own coupons can be quite selective about recipients. Another important advantage of direct-mail couponing is a redemption rate of over 3 percent, much higher than for FSIs. Direct-mail couponing can also be combined with a sample, which makes it a very effective way to gain the attention of consumers. The major disadvantage of direct-mail coupon delivery is the expense relative to other distribution methods. The cost per thousand for distributing coupons through co-op mailings ranges from $10 to $15, and more targeted promotions can cost $20 to $25 or even more. Also, the higher redemption rate of mail-delivered coupons may result from the fact that many recipients are already users of the brand who take advantage of the coupons sent directly to them. The use of newspapers and magazines as couponing vehicles has declined dramatically since the introduction of FSIs. In 2001 only 1.3 percent of coupons were distributed via newspapers. The advantages of newspapers as a couponing vehicle include market selectivity, shorter lead times with timing to the day, cooperative advertising opportunities that can lead to cost efficiencies, and promotional tie-ins with retailers. Other advantages of newspaper-delivered coupons are the broad exposure and consumer receptivity. Many consumers actively search the newspaper for coupons, especially on Sundays or “food day” (when grocery stores advertise their specials). This enhances the likelihood of the consumer at least noticing the coupon. Problems with newspapers as couponing vehicles include higher distribution costs, poor reproduction quality, clutter, and declining readership of newspapers; all contribute to low redemption rates. The use of magazines as a couponing vehicle has also declined steadily since the introduction of FSIs. Magazines now account for only about 2 percent of the total number of coupons distributed each year. Distribution of coupons through magazines can take advantage of the selectivity of the publication to reach specific target audiences, along with enhanced production capabilities and extended copy life in the home. However, the cost of distributing coupons through magazines is very high and redemption rates are low (just under 1 percent). Placing coupons either inside or on the outside of the package is a distribution method that accounted for about 3 percent of the coupons distributed in 2001. The in/on-package coupon has virtually no distribution costs and a much higher redemption rate than other couponing methods, averaging between 3 and nearly 14 percent. An in/on-pack coupon that is redeemable for the next purchase of the same brand is known as a bounce-back coupon. This type of coupon gives consumers an inducement to repurchase the brand. Bounce-back coupons are often used with product samples to encourage the consumer to purchase the product after sampling. They may be included in or on the package during the early phases of a brand’s life cycle to encourage repeat purchase, or they may be a defensive maneuver for a mature brand that is facing competitive pressure and wants to retain its current users. The main limitation of bounce-back coupons is that they go only to purchasers of the brand and thus do not attract nonusers. A bounce-back coupon placed on the package for Kellogg’s Eggo brand waffles is shown in Exhibit 16-15. Another type of in/on-pack coupon is the cross-ruff coupon, which is redeemable on the purchase of a different product, usually one made by the same company but occasionally through a tie-in with another manufacturer. Crossruff coupons have a redemption rate of 4 to 8 percent and can be effective in encouraging consumers to try other products or brands. Companies with wide product lines, such as cereal manufacturers, often use these coupons. Yet another type of package coupon is the instant coupon, which is attached to the outside of the package so the consumer can rip it off and redeem it immediately at the time of purchase. Instant coupons have the highest redemption levels of all types of coupons, averaging around 18 percent for grocery products and jumping to over 40 percent for health and beauty items. However, the redemption level is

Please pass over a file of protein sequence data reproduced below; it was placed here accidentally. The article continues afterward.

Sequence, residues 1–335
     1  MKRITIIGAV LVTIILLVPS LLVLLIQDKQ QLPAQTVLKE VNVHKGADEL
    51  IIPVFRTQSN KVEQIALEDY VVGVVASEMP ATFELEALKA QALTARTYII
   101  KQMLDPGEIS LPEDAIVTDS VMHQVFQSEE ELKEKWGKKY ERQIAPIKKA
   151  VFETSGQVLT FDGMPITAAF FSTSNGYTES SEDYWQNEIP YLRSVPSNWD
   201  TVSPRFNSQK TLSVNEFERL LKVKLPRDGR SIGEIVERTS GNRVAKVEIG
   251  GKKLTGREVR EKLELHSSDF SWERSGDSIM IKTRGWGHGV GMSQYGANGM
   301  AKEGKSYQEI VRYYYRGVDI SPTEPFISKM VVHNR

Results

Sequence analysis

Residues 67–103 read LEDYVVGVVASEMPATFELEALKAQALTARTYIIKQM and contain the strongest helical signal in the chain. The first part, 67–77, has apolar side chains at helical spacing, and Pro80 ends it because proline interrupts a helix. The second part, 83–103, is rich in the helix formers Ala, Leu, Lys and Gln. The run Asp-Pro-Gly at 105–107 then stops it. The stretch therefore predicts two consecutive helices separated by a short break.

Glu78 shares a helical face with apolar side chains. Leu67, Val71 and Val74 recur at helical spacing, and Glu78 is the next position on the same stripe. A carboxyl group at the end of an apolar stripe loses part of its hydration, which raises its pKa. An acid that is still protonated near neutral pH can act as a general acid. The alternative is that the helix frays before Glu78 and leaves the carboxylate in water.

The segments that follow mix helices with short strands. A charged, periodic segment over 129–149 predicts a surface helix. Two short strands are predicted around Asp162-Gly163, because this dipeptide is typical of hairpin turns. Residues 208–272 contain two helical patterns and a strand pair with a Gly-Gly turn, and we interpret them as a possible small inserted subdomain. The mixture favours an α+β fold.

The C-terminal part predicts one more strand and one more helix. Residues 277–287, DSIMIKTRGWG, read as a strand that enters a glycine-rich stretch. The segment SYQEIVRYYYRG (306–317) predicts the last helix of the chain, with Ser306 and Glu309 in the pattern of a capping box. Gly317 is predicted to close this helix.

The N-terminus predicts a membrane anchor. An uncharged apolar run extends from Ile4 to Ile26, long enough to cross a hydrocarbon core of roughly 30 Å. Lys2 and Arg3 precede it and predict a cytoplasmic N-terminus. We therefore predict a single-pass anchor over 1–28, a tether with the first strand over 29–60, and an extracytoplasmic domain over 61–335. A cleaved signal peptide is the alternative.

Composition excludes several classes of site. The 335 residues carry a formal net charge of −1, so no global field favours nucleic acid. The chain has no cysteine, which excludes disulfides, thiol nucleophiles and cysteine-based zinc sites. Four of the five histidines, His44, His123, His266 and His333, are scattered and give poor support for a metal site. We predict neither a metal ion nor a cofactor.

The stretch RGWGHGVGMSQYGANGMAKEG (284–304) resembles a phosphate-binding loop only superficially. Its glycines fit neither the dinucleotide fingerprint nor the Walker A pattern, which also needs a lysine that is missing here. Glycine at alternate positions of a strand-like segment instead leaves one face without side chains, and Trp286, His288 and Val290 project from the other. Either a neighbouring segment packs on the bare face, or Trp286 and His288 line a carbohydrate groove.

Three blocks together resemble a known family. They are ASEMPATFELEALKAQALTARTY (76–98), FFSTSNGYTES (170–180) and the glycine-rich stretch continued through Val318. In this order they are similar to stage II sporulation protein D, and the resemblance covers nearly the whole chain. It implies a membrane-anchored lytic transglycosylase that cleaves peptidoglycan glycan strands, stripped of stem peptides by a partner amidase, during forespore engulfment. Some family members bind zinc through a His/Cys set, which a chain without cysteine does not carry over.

much lower for instant cross-ruff coupons, as it averages around 5 percent. Instant coupons give consumers an immediate point-of-purchase incentive, and can be selectively placed in terms of promotion timing and market region. Some companies prefer instant coupons to price-off deals because the latter require more cooperation from retailers and can be more expensive, since every package must be reduced in price. Another distribution method that has experienced strong growth over the past 10 years or so is in-store couponing, which includes all co-op couponing programs distributed in a retail store environment. This medium now accounts for around 8 percent of total coupon distribution. Coupons are distributed to consumers in stores in several ways, including tear-off pads, handouts in the store (sometimes as part of a sampling demonstration), on-shelf dispensers, and electronic dispensers. Most of the coupons distributed in stores are through ActMedia’s Instant Coupon Machine. This coupon dispenser is mounted on the shelf in front of the product being promoted. It has blinking red lights to draw consumers’ attention to the savings opportunity. These in-store coupons have several advantages: They can reach consumers when they are ready to make a purchase, increase brand awareness on the shelf, generate impulse buying, and encourage product trial. They also provide category exclusivity. In-store couponing removes the need for consumers to clip coupons from FSIs or print ads and then remember to bring them to the store. Redemption rates for coupons distributed by the Instant Coupon Machine are very high, averaging about 6 to 8 percent. Another popular way to distribute in-store coupons is through electronic devices such as kiosks or at the checkout counter. Some electronically dispensed coupons, such as Catalina Marketing Corp.’s Checkout Coupon, are tied to scanner data at each grocery store checkout. When the specified product, such as a competitive brand, is purchased, the consumer receives a coupon at the checkout for the company’s brand (Exhibit 16-16). Companies also use this system to link purchases of products that are related. For example, a consumer who purchases a caffeine-free cola might be issued a coupon for a decaffeinated coffee. Major advantages of electronically dispensed checkout coupons are that they are cost-effective and can be targeted to specific categories of consumers, such as users of competitive or complementary products. Since 65 to 85 percent of a manufacturer’s coupons are used by current customers, marketers want to target their coupons to users of competitive brands. Redemption rates are also high for electronically dispensed coupons, averaging around 5 to 7 percent.